How to plan a hike along Iceland's epic Fimmvörðuháls trail
Walk in the footsteps of Vikings and discover epic geology on the Fimmvörðuháls Trail.
You don’t have to stray too far from Reykjavík to lose yourself in the elemental embrace of rural Iceland. With hot springs, waterfalls, glacial peaks and vast open spaces just a short drive from the capital — many of them easily ticked off on a ‘Golden Circle’ tour — adventure is never far away. Seeing these soul-stirring landscapes from the comfort of a 4x4 is a thrill. But the best way to explore — and lose yourself in the great outdoors — is on foot, and few routes offer such immersion as the Fimmvörduháls Trail, one of Iceland’s most popular treks.
Two hours from Reykjavík by car, the trail runs for around 16 miles in the south of the island, starting at the mighty Skógafoss waterfall and ending in Thórsmörk. But don’t let the relatively short length deceive you: this is a challenging hike, encompassing a variety of gradients, weather and topography, and a guide and reliable kit are recommended. Seasoned trekkers could manage the route in a day, but it’s worth splitting it over two days with an overnight stay in the mountains — offering even more time to bask in the silence of these diverse, mystical landscapes. The trail is only really feasible between May and September and accommodation en route is closed entirely outside of summer (wild camping isn’t permitted on the route), so you’ll need to plan ahead.
Start at one of Iceland’s big-ticket sights: a thundering waterfall roaring over the edge of a 200ft cliff. This was once where the island ended, but over thousands of years the sea retreated several miles creating new land beneath Skógafoss’ ancient cliffs. Fed by two glaciers, Skógafoss is a popular fishing spot in the summer and, on clear days, rainbows form in its billowing mists. Like much of Iceland, the falls are steeped in myth and legend, too: one story goes that a Viking named Thrasi buried a treasure chest behind the falls in around 900 AD. Local men went to find the treasure in the 17th century, but only managed to retrieve the chest’s ring handle, which can now be seen at the church in nearby Skogar.
2. Skógá river
Set off on the trail proper and wend your way along the course of the Skógá River for around five miles. For many, this is a highlight of the hike, following the river as it cuts a twisting, turning line through the dramatic landscape. It’s broken up by scores of waterfalls of various heights and widths, only adding to the drama. There’s a fairly gentle increase in gradient along this stretch — all the better to admire the gorge’s crystal-clear water, wildflower meadows, dark rock and dazzlingly green grass from above. Take time to savour the views, with only fellow hikers and hardy sheep for company.
After crossing the bridge over the Skógá, the scenery shifts dramatically — lush grass gives way to a stark, dark moonscape of rock and gravel. This plateau is home to some of the newest volcanic landscapes in the world, including the ashy aftermath of nearby Eyjafjallajökull, the volcano that notoriously erupted in 2010. If you’re breaking up the route over two days, then bed down at the Baldvinsskáli mountain hut — it has 20 mattresses and a basic kitchenette (though no running water) and makes a useful stopping point before tackling the next legs. It’s only open in the summer, and worth booking well in advance.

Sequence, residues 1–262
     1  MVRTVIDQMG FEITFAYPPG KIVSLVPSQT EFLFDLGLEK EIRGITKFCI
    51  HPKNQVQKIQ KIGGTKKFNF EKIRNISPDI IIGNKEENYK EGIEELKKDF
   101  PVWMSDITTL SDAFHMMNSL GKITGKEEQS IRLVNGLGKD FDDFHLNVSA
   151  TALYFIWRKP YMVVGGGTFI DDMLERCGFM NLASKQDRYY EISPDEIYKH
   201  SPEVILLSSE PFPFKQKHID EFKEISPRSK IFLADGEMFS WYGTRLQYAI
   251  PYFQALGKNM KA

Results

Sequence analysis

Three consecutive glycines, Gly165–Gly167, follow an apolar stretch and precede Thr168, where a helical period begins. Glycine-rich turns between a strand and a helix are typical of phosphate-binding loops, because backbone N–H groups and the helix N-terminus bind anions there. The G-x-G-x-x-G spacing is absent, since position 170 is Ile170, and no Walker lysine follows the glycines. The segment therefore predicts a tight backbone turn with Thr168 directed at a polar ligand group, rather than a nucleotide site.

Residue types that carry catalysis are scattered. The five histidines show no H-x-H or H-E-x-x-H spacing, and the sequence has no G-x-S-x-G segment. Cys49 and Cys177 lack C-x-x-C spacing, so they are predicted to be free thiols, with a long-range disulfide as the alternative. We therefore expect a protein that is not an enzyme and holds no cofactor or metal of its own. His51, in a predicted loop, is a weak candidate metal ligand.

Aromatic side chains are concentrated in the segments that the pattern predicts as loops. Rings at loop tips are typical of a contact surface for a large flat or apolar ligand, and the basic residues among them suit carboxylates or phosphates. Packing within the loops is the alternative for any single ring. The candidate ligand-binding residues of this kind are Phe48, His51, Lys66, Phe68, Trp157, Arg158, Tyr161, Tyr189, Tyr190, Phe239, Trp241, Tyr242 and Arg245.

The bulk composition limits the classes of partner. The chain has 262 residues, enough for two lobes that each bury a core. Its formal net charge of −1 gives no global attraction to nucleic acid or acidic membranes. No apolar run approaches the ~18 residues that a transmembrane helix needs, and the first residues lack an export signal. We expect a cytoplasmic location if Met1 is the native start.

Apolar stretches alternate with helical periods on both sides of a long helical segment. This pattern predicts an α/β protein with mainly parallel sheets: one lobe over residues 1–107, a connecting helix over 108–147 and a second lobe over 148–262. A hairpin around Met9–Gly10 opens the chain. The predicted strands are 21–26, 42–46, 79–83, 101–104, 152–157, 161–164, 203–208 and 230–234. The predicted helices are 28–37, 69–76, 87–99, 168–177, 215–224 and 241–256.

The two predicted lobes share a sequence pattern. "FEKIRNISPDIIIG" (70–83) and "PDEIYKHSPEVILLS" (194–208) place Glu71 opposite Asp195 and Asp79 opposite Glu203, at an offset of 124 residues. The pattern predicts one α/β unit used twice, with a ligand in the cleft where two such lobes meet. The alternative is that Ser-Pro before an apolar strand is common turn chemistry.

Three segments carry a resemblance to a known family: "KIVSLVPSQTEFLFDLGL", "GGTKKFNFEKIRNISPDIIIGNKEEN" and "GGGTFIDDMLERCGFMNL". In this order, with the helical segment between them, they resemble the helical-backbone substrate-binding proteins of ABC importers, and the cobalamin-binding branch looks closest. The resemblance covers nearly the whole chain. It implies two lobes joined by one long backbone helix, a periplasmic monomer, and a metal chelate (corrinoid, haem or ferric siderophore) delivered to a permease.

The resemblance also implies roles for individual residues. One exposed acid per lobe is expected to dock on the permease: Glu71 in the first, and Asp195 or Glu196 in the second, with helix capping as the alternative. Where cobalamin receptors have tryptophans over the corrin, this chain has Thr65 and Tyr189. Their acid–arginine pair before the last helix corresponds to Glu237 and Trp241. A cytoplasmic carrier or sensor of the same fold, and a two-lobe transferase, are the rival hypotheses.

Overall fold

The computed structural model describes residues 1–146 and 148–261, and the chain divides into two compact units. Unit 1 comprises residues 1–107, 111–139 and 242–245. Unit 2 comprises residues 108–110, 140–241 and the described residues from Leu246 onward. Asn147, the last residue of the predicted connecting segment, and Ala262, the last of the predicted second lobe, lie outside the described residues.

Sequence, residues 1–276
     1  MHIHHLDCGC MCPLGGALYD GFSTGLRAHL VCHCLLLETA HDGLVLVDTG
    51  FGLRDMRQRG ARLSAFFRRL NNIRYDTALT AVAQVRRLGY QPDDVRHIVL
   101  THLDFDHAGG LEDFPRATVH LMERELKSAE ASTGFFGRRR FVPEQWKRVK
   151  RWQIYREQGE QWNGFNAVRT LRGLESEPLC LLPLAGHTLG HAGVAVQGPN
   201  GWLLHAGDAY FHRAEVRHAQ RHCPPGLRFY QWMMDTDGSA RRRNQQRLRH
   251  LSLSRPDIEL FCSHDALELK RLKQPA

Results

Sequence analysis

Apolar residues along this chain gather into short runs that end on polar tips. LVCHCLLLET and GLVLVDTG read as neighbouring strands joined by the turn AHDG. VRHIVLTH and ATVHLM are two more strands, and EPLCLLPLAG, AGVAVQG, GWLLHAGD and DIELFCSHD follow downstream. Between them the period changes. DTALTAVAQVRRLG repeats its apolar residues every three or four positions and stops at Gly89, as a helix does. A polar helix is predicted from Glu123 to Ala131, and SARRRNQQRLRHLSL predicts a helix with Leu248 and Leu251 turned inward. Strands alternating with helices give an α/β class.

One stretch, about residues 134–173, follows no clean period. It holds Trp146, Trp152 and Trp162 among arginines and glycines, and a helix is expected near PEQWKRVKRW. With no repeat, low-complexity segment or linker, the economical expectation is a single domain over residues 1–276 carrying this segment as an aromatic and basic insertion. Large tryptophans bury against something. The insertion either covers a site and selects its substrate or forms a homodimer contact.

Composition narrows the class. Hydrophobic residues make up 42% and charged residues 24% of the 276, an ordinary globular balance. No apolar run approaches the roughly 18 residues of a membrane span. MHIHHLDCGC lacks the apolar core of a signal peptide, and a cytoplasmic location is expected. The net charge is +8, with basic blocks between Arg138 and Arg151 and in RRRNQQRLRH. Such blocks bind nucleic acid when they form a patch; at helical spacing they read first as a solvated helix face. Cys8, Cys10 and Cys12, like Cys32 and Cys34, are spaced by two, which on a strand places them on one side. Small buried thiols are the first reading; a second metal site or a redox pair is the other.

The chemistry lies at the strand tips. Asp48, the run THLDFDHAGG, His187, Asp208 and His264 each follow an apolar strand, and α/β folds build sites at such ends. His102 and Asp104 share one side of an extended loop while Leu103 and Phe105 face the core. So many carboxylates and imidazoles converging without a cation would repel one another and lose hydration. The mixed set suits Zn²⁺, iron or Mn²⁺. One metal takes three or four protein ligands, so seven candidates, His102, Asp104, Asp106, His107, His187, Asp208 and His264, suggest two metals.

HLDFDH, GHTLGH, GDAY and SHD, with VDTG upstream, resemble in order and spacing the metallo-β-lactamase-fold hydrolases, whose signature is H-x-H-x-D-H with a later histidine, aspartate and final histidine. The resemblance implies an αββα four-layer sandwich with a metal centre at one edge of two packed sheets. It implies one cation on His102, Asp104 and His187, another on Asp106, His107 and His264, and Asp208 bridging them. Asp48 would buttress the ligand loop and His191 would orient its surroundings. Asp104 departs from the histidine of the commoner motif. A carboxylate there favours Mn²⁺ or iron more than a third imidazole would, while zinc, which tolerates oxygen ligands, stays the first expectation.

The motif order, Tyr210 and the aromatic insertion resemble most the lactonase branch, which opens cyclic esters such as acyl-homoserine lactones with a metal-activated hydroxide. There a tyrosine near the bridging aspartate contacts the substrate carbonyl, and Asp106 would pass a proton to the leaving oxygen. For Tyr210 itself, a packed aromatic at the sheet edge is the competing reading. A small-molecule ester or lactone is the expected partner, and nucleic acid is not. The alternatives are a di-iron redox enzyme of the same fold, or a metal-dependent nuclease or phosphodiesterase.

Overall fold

4. Magni and Módi
Push on up in the shadows of glaciers through the Fimmvörduháls Pass, where the route reaches its highest altitude of around 3,300ft above sea level. Take care on this section; there are challenging snowfields to cross, even in the summer months. But there are incredible sights to behold — the 2010 eruption created two new mountains, Magni and Módi, named after the sons of Norse god Thor. These are some of the youngest geological features on the planet, so, conditions permitting, it’s worth a detour to Módi, whose rocky, blood-red slopes offers breathtaking views of southern Iceland. There’s also another hut in this area, the Fimmvörduháls mountain hut, in case you’d prefer to stop or spend the night here instead.
Like a divine vision, the barren, volcanic landscape begins to return to green as you descend into Godaland — quite appropriately, too, given that this stretch is named the ‘Land of the Gods’ in Icelandic. Hike across a vast plateau, surrounded by peaks, or descend via the moody, mossy canyons towards the northwest. These offer a slightly shorter but more technical route, and you’ll teeter along rocky ridges and narrow cliffside passes (many of which, luckily, have chain handrails to grab onto), as the Hvanná River winds like a serpent through a lush gorge.
This scenic, birch-dotted ridge — it translates as ‘Thor’s Woods’— is a fitting end to a landscape so awe-inspiring it feels crafted by the hands of a god. Under the gaze of Útigönguhöfdi, a near-perfect volcanic cone, the canyon twists round and meets Thórsmörk’s vast valley formed by the confluence of three glacial rivers. Básar marks the end of the hike, but adventurers may want to carry on: this is the southern trailhead for the popular Laugavegur trail to the glacial, hot springs area of Landmannalaugar. Alternatively, there’s a campsite if you’re planning on spending the night or you can pick up local transport back towards Reykjavík.
Published in the April 2022 issue of National Geographic Traveller (UK)
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